First impression on unpacking the Q702 test unit was the solid feel and clean, minimalist styling.
Network stress test tools: Dos and don'ts
- — 20 July, 2010 04:37
Network stress testing tools are not for the underfunded, the underskilled or the faint of heart. Consider them carefully before deciding whether to purchase them or how to use them.
See the companion article "Stress-testing your network" for details on software from BreakingPoint, Mu Dynamix, Spirent and Ixia. Here are dos and don'ts to help you get the most from these tools.
Do consider how often the tools will be used and in what ways. They are expensive to buy and support. Make sure the use justifies the expense.
Do get full and accurate information on the application and protocol mix to be sure you create a representative test environment.
Don't assume you know what your performance requirements are for the new application, security device or network.
Do engage security, network and business managers to determine current and projected requirements so you understand what needs to be tested.
Don't buy what you can't support. If an enterprise doesn't already have a dedicated lab and supporting staff to test new equipment and applications, it won't be able to get much benefit out of any of these products. They can make an existing testing infrastructure more robust, but can't create a useful lab by themselves.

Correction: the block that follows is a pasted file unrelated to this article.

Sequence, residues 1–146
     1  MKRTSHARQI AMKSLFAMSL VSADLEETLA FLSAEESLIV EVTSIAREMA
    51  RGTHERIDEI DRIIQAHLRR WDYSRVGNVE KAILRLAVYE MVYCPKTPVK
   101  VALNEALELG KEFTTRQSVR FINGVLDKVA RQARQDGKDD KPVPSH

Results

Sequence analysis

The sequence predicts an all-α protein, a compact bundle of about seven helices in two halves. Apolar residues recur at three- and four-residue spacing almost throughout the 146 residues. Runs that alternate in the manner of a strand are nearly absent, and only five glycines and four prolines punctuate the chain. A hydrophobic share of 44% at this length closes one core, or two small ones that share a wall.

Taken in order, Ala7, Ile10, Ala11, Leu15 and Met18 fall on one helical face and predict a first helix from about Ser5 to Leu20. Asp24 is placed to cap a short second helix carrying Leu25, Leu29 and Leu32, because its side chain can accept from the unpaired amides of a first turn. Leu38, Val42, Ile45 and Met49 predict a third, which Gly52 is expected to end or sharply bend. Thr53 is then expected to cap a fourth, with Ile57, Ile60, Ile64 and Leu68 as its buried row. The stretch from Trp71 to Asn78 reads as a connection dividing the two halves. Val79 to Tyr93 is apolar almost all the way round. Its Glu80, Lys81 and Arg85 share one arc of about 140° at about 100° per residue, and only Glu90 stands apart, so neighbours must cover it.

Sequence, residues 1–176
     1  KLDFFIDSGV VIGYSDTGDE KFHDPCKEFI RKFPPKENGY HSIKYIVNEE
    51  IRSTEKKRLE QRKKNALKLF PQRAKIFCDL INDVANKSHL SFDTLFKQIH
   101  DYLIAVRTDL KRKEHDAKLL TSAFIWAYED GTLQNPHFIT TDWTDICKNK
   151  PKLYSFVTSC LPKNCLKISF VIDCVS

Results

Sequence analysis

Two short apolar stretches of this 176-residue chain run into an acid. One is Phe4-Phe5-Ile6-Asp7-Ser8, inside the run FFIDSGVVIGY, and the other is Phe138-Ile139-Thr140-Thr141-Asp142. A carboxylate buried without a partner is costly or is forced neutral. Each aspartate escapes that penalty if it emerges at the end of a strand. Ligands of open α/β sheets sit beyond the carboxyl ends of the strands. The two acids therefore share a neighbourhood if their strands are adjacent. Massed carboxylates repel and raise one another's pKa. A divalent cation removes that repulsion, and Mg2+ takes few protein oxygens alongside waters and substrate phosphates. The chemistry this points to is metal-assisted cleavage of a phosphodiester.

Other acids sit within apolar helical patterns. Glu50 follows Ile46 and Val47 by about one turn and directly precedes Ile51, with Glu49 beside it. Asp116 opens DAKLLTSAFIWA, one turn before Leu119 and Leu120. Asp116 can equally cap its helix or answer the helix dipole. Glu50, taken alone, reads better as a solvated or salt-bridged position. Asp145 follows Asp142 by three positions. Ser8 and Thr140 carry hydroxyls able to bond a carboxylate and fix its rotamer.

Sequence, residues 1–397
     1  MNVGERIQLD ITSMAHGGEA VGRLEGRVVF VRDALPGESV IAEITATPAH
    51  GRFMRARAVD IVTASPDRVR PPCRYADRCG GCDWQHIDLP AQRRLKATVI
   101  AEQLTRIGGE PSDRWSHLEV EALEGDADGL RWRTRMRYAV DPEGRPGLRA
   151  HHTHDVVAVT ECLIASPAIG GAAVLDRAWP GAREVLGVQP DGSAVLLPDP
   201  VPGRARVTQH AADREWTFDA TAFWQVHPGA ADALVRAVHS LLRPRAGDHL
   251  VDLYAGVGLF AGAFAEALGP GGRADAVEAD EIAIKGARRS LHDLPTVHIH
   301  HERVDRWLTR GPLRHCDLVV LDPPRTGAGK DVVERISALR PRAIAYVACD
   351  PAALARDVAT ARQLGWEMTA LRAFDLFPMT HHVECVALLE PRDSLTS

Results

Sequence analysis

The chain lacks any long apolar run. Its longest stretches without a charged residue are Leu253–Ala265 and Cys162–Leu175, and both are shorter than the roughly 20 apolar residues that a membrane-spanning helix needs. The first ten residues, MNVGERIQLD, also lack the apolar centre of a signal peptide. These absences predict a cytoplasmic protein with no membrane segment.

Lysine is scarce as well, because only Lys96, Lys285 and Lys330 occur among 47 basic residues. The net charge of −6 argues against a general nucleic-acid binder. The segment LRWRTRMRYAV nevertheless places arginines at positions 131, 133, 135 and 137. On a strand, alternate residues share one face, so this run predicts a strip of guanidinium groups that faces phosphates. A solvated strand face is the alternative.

Do consider consulting services that use one or more of these tools to help with vendor evaluation, cloud services performance, new application testing, etc. Even if you can't justify purchase and support costs, you can still leverage their services.
Do understand the differences between products. One product may not satisfy corporate IT testing requirements. Are you concerned about performance testing (up to Layer 4 or up to and including the application layer), security testing or both? You may find that you need to purchase and support two or even three of these products--and that may drastically change your plans.
Do evaluate reporting and remediation capabilities. How does the tool report test results? Is it good at comparing test results and pinpointing the problems, or will staff have to sift through results and do manual comparisons? The product should facilitate regression testing and provide capture replays.
"Capture replay is pretty high on the list from a troubleshooting perspective," says Phatak. "One of the first things that is going to happen is the developers will say, 'Show me the traffic.'"
Don't underestimate training. These are complex tools that require operation by highly trained, highly skilled personnel for you to get their full benefit.
Don't neglect penetration testing. The products have great value but are not a substitute for systematic penetration testing using attack tools, including Metasploit, Canvas from Immunity, or Core Impact from Core Security Technologies.
"These tools are still no substitute for using traditional pen-test tools," says Phatak. "These can indicate how good or bad your IPS is doing, but they're not a going to give you a good, deterministic answer about whether someone can break in or not.
"You can get a false sense of vulnerability or a false sense of security if you don't understand that."